Observers say that Switzerland is suffering a loss of image in Muslim countries as a result of the anti-minaret initiative. Do you share that view?
I have not seen any sign that we have suffered as a result of discussions on this issue. There has been no real threat either.
On the contrary: thanks to our embassies, who have done excellent work in communicating, we have been able to show that direct democracy and open discussion are part of our [democratic] rights.
I believe that people abroad have understood this. And I also think that people respect the fact that we in Switzerland discuss issues that would not be discussed abroad. This is an important quality.
I also note – and I really appreciate this – that the Muslim population of Switzerland are not allowing themselves to be provoked by what is to some extent a very emotional campaign, but are trying to explain objectively what Islam is and what it is not.
I think it's a good thing that we can now talk not only about attitudes and the common ground there is between religions, but also about the limits of individual freedoms and the role of the state in our society.
Veils, bans on using swimming pools, forced marriages and genital mutilation are not Swiss values nor do they promote emancipation. How do you see this?
I am in favour of a liberal society and of equal rights for women and men. It not permissible for women and girls to be treated differently, but that's not the question being raised by this initiative.
The minaret initiative is a kind of "proxy war". Its supporters say they are against minarets. But they want to fight [what they consider] increasing Islamicisation and sharia law and mention these also as reasons for their initiative.
But banning minarets is quite the wrong way. We already have means to combat such things in our legal system. Our legislation does not allow genital mutilation or sharia law.
Opponents of minarets argue that religious freedom is trampled underfoot in Muslim countries in particular. So why don't you demand a quid pro quo from these countries?
Violation of the freedom of religion – and, indeed, also of opinion – occurs not only in Muslim countries but in others as well, including Christian ones.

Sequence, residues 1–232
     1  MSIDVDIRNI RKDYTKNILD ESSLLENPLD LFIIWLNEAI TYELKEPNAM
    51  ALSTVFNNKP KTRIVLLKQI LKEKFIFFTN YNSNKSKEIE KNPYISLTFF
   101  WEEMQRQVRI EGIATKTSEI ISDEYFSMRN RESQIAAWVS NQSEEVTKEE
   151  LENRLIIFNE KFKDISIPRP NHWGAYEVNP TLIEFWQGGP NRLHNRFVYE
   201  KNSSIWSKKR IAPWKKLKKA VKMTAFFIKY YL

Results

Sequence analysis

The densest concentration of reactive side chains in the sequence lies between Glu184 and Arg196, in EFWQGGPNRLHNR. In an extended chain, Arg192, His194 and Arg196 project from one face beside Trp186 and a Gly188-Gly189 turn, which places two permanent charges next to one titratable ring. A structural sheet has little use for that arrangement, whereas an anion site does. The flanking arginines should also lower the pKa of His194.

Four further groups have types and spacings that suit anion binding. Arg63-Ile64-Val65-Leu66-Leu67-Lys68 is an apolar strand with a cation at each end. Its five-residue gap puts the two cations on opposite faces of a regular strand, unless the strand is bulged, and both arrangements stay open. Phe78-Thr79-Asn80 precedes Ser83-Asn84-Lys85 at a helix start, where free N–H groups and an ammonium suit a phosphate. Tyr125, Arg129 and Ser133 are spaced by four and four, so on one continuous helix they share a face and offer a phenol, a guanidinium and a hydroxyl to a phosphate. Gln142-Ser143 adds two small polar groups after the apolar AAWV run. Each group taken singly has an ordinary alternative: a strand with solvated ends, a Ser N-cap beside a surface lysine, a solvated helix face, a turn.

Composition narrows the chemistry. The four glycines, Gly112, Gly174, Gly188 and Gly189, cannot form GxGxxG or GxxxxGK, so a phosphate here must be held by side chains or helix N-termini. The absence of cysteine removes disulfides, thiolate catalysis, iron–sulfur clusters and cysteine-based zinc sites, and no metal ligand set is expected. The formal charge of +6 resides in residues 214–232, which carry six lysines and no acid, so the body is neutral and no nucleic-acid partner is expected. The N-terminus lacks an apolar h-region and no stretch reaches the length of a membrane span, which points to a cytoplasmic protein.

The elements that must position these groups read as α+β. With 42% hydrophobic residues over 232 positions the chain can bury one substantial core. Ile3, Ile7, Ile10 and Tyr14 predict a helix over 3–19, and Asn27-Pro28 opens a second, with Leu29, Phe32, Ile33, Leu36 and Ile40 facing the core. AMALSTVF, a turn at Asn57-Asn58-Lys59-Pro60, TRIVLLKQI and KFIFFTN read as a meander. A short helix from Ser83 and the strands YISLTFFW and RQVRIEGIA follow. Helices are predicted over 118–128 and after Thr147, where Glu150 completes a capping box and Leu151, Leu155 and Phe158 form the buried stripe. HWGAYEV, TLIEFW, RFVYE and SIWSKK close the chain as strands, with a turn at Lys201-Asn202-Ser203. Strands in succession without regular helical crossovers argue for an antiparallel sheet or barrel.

We are repeatedly having to speak out against this. As a humanitarian country, Switzerland has the role of ensuring that there is a lobby for the observation of these basic freedoms. We do this to the extent of our capabilities. But the fact that injustice occurs in some other country does not give us the right to be unjust too.
The federal government says a ban on minarets would not square with some of Switzerland's core values. In what way?
The Constitution guarantees freedom of religion. That means not only private freedom of religion – the freedom to have one's own belief – but also public religious freedom, the freedom for people to show, through symbols, dress or through a building, which religious community they belong to.
One major aspect of the constitution is also that it forbids discrimination. If only one religious community is forbidden to build a symbol of their faith, that is discrimination.
You also reject the initiative on the grounds that it violates international agreements. Has Switzerland abandoned its sovereignty?
We have signed the European Convention on Human Rights (ECHR) and the International Covenant on Civil and Political Rights. If we commit ourselves to certain treaty obligations – which we did several years ago – we have to stick to them.
So what would happen if the initiative were adopted?
Actually, I assume that it will be turned down. If we demonstrate what it can and can't do, the majority of the Swiss population would see that it is not the right way to solve any problems that might arise.
If the initiative were to be passed, then it would indeed be possible for a member of the Muslim community to file a case at the European Court of Human Rights.
The chances are high that the case would be successful, since the initiative clearly runs foul of the ECHR.
Last modification 17.10.2009